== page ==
Unlike many other interviews, Saunders interview of Willey consisted of mostly direct quotes by Willey. Willey appears to speak proper English, fitting the typical spoken language of an educated white male. An introduction page describing Willey’s physical characteristics and general life were included in the interview yet are crossed out by the author. The author may have done this to make the life story more objective and remove any opinions that may have been written in the introduction.

References:[edit | edit source]

  1. Willey, H. S. “Women Can Take More Punishment than Men.” Federal Writer’s Project. University of North Carolina Southern History Collection. 20 April 1939. Digital.
  2. Swanbrow, Diane. "Life And Death During The Great Depression." Medical News Today. MediLexicon International, 30 Sept. 2009. Web. 03 Dec. 2013.
  3. Perrott, George St.J., Edgar Sydenstricker, and Selwyn D. Collins. "Medical Care during the Depression: A Preliminary Report upon a Survey of Wage-Earning Families in Seven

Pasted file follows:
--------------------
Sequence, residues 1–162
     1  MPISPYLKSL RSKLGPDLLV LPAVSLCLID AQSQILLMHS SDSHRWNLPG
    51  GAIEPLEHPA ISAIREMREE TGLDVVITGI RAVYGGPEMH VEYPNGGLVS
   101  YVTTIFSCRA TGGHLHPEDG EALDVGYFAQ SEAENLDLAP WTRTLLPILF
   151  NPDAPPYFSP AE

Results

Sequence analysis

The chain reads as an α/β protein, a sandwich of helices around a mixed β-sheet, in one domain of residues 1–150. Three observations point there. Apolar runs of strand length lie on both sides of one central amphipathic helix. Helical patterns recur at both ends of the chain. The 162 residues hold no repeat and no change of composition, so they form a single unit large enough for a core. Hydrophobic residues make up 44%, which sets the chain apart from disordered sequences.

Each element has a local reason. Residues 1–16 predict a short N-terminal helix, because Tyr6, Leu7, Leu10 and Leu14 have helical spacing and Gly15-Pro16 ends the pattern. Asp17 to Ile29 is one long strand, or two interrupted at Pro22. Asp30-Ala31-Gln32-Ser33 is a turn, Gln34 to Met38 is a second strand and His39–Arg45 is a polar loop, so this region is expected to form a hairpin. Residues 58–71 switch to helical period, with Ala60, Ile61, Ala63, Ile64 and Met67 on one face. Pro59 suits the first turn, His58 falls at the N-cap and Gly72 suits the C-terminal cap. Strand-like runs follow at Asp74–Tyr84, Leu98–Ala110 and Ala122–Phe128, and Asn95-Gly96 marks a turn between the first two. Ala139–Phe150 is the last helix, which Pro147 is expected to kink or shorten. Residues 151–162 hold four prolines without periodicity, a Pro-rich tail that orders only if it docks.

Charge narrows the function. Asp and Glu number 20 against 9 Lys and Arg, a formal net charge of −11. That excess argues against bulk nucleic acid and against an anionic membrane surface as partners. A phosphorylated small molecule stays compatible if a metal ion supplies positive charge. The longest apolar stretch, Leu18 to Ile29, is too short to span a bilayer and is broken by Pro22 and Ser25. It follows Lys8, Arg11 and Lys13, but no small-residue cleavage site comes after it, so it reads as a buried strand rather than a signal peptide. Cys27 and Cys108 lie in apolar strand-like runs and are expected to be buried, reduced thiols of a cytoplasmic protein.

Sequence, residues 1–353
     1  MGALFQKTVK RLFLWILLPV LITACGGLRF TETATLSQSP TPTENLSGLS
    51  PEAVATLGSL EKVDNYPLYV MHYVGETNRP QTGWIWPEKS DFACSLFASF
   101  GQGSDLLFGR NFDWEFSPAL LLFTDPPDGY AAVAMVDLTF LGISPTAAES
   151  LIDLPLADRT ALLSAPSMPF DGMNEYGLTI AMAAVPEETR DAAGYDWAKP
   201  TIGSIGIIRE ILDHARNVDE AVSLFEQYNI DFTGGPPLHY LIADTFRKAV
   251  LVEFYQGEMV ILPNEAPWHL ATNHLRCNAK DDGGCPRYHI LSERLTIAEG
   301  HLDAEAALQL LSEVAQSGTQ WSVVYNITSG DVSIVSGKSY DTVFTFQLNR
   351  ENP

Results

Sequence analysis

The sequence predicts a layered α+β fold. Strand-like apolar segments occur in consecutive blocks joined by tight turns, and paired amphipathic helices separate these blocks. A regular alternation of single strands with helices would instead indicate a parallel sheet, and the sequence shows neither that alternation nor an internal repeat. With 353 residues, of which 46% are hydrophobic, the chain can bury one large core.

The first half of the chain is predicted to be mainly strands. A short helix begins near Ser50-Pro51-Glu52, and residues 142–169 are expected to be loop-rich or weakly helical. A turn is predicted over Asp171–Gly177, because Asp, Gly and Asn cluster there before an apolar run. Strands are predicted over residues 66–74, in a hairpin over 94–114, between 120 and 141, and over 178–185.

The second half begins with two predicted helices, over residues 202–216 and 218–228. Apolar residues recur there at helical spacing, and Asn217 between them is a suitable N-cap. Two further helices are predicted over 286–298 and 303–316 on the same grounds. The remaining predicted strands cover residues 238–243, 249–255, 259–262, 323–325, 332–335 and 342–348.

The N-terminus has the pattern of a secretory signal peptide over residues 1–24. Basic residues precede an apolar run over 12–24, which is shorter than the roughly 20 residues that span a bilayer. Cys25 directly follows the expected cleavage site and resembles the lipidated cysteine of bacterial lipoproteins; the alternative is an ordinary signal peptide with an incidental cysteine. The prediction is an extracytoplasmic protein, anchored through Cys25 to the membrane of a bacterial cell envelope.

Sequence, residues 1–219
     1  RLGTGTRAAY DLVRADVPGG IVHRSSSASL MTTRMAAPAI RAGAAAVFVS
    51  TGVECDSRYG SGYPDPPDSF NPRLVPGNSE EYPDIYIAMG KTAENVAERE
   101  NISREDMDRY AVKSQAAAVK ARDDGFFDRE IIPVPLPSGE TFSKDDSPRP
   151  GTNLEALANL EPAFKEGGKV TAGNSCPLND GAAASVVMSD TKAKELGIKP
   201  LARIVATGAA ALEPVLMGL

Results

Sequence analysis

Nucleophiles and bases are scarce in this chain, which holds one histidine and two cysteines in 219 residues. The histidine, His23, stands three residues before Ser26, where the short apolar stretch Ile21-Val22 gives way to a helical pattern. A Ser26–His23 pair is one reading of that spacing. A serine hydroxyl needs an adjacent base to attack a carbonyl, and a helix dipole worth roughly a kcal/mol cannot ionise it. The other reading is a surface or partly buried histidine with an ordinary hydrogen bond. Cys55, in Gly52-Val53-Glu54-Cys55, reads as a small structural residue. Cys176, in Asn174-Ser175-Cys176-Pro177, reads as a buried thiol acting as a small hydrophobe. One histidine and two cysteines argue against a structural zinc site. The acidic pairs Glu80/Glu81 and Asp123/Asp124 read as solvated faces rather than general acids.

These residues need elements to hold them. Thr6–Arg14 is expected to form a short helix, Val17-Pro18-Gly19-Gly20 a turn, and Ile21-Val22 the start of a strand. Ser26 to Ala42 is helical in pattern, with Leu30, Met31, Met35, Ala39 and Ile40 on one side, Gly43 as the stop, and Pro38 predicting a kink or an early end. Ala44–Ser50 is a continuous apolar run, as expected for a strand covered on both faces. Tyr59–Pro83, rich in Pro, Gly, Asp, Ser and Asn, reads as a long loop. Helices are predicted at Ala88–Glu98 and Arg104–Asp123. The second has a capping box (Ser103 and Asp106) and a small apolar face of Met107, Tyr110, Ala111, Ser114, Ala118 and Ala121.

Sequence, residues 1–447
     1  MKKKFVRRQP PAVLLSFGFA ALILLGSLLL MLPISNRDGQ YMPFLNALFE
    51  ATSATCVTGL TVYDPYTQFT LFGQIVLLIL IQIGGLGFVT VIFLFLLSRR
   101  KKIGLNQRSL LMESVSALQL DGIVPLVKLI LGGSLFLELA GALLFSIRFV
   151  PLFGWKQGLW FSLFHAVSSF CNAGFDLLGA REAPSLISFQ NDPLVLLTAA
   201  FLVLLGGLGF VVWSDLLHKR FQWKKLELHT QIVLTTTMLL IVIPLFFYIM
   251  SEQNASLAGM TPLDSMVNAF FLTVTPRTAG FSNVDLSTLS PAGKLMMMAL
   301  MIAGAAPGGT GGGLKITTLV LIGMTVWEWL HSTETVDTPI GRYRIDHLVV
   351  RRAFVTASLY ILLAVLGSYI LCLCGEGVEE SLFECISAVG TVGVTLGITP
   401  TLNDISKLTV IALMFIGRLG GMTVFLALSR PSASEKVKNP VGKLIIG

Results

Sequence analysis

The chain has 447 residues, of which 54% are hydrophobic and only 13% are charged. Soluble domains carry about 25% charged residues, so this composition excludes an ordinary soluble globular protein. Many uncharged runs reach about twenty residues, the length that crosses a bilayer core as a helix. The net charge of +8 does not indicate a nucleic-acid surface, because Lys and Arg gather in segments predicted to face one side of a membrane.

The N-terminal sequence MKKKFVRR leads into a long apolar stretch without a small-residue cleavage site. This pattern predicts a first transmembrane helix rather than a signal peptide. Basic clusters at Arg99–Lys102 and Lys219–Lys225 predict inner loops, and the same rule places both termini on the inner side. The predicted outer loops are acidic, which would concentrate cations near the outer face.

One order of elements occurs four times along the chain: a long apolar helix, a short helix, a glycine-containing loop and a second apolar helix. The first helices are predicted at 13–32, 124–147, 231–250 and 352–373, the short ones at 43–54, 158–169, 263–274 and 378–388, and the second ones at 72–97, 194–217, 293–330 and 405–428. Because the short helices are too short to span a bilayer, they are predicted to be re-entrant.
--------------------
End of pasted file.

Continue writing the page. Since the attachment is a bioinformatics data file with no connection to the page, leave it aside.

4. Tapia Granados, J. A., and A. V. Diez Roux. "Life and Death during the Great Depression."Proceedings of the National Academy of Sciences 106.41 (2009): 17290-7295. JSTOR. Web. 23 Nov. 2013.
  5. Mishkin, Frederic. "The Household Balance Sheet and the Great Depression." JSTOR 38.4 (1978): 918-937. JSTOR. Web. 19 Nov. 2013. p. 28
  6. Mishkin, Frederic. "The Household Balance Sheet and the Great Depression." JSTOR 38.4 (1978): 918-937. JSTOR. Web. 19 Nov. 2013.
  7. Brinkley, Douglas. "Unmasking Writers Of the W.P.A." The New York Times. The New York Times, 02 Aug. 2003. Web. 21 Nov. 2013.